Collaboration in Civic Spheres

National Academies: green buildings can harm health, productivity, costing billions

by July 26th, 2011

SUMMARY: According to a recent report prepared for the United States Environmental Protection Agency under the supervision of the Institutes of Medicine of the National Academies, the use of new, energy-efficient building materials or construction methods in new or retrofitted buildings, in response to climate change concerns, may not only save energy but can also restrict ventilation, heighten allergenic symptoms, promote the growth of fungi and bacteria, and increase the risk of infectious diseases – contributing to indoor health symptoms and lowering productivity while costing the economy tens of billions of dollars per year. The report recommends the EPA develop and implement new, indoor health-related standards for building materials and ventilation, in order to elevate the indoor environment as a priority in climate change policy.

BACKGROUND: According to the report brief, the impact of climate change on indoor public health conditions has gotten scant attention and “lack of leadership is hindering action” to pinpoint hazards, sharpen research priorities and devise practical solutions to risks that are of growing concern. As a result, U.S. EPA commissioned the Institute of Medicine, of the U.S. government’s National Academies, to create a committee to summarize the existing research on the effects of climate change on indoor air and public health.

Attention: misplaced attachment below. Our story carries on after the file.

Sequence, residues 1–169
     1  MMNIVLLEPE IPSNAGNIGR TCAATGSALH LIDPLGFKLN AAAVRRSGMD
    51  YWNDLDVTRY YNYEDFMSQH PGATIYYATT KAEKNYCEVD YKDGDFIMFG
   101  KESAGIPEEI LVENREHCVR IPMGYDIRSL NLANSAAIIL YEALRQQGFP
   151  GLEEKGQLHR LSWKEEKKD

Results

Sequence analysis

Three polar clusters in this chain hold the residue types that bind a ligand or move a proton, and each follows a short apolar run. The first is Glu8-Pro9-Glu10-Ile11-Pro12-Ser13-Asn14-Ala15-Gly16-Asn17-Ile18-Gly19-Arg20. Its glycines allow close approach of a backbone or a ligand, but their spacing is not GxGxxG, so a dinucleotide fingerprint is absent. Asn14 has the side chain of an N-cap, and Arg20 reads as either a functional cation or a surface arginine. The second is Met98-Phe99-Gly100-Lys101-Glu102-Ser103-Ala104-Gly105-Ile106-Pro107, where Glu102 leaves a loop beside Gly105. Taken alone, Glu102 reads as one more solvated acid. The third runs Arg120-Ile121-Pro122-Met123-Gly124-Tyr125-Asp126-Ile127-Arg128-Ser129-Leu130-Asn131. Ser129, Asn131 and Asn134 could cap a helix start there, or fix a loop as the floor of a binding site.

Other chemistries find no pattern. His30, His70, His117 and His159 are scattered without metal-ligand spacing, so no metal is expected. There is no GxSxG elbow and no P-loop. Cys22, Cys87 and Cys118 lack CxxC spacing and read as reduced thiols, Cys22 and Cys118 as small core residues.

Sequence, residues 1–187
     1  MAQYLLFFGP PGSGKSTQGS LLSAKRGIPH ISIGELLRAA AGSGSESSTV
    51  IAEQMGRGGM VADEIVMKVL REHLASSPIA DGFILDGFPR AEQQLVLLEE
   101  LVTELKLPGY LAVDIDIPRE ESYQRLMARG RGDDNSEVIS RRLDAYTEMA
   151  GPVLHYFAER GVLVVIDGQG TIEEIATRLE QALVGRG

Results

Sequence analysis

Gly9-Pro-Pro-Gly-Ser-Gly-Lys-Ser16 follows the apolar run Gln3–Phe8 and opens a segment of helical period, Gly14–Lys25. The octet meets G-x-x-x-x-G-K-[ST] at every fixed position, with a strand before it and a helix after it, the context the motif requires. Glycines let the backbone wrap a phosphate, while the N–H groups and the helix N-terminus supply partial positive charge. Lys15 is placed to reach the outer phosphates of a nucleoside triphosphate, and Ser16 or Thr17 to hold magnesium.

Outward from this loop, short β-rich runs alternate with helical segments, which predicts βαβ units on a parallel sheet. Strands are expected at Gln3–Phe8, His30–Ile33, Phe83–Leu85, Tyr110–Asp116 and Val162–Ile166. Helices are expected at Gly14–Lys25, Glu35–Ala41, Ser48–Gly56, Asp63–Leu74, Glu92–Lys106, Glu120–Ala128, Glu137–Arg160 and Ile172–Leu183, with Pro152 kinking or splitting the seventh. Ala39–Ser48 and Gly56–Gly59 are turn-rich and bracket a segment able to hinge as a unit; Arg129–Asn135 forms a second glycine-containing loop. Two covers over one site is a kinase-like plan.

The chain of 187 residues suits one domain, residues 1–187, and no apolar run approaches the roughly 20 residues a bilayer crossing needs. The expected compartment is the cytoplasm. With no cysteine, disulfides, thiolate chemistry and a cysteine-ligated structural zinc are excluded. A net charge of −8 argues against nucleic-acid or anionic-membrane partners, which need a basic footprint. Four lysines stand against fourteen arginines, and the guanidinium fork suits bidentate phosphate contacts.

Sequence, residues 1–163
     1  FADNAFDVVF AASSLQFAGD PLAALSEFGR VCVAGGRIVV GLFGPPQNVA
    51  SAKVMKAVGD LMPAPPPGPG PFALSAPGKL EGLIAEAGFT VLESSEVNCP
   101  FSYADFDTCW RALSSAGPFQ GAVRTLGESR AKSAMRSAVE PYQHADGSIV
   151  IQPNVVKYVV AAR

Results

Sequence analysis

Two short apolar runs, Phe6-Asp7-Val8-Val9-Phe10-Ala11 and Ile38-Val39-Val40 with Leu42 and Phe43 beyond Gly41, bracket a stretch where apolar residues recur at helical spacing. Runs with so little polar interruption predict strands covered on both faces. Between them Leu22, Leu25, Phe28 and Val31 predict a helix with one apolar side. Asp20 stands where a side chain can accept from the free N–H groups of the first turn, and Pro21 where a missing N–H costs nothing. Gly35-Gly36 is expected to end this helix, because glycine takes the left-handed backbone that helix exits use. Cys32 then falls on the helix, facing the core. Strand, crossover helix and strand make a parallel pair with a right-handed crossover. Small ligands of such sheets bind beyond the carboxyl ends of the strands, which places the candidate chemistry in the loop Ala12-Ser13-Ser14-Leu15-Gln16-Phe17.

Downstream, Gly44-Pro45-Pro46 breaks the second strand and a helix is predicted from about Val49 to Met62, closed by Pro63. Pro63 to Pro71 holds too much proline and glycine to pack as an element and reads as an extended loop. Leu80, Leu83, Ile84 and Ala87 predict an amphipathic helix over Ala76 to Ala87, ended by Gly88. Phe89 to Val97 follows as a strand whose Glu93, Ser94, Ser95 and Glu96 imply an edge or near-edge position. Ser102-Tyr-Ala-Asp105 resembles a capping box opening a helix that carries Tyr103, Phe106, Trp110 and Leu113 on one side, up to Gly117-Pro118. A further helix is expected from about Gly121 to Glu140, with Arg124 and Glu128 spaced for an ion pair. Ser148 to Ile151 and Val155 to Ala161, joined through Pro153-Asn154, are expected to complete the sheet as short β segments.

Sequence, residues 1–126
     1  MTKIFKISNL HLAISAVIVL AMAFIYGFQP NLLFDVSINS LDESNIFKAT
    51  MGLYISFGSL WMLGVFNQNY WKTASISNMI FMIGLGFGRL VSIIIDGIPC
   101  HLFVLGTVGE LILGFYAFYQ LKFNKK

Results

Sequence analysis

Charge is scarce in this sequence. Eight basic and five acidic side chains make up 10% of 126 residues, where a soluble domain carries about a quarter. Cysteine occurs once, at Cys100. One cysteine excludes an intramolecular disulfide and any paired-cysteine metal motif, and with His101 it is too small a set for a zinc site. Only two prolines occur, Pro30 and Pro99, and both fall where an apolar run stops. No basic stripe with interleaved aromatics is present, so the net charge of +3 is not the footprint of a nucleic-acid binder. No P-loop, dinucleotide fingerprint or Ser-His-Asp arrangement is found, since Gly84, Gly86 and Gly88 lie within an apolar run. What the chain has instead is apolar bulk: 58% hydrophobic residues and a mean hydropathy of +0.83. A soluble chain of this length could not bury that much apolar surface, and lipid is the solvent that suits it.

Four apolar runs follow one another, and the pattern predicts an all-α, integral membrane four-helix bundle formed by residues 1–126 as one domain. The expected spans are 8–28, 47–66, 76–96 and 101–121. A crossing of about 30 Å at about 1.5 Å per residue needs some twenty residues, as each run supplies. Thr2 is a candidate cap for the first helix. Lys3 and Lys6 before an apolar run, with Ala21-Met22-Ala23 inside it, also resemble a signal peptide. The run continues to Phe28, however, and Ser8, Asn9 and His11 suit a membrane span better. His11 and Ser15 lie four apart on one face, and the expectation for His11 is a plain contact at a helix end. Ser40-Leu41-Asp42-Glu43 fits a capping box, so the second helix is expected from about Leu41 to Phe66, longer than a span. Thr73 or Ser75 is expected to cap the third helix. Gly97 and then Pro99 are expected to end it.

KEY LINK: Climate Change, the Indoor Environment, and Health, Committee on the Effect of Climate Change on Indoor Air Quality and Public Health, Institute of Medicine, Report Brief for U.S. Environmental Protection Agency, June 2011


  • The committee found that the use of new, energy-efficient building techniques, including new weatherization and building materials, pose a significant possibility of contributing to “unexpected exposures and health risks” tied to reduced ventilation, heightened allergenic symptoms, increased growth of fungi and bacteria, and increased risk of infectious diseases. Such indoor health symptoms boost the risk of worker illnesses and lower productivity, costing the economy tens of billions of dollars per year according to existing research.
  • Response to climate change exacerbates existing ventilation problems through the use of untested building materials. Efforts to conserve energy in buildings, including decreased ventilation, may actually harm human health. Lower ventilation rates may increase exposure to indoor pollutants by limiting indoor and outdoor air exchange.
  • Poor ventilation may be associated with some health problems. Experiments have shown associations between decreased productivity and work; or school environments that are perceived to be too warm, too cool, or not well ventilated.
  • The committee suggested the EPA develop new standards for evaluating building material emissions. In addition, the committee also recommended further research to determine particular cases in which climate change is related to harmful indoor exposures.
  • The committee advocates new ventilation standards based on “health-related criteria” in commercial and residential buildings, including schools and hospitals. The goal of these new standards is to provide a healthful environment for occupants of various types of new or retro-fitted buildings, at the same time that energy conservation priorities are being robustly incorporated into new building plans and materials.


  1. The report brief is drawn from a longer version of the report, from the National Academies Press.
  2. Legislative audit: benefits of Washington State’s green buildings not clear,” Public Data Ferret, July 7, 2011

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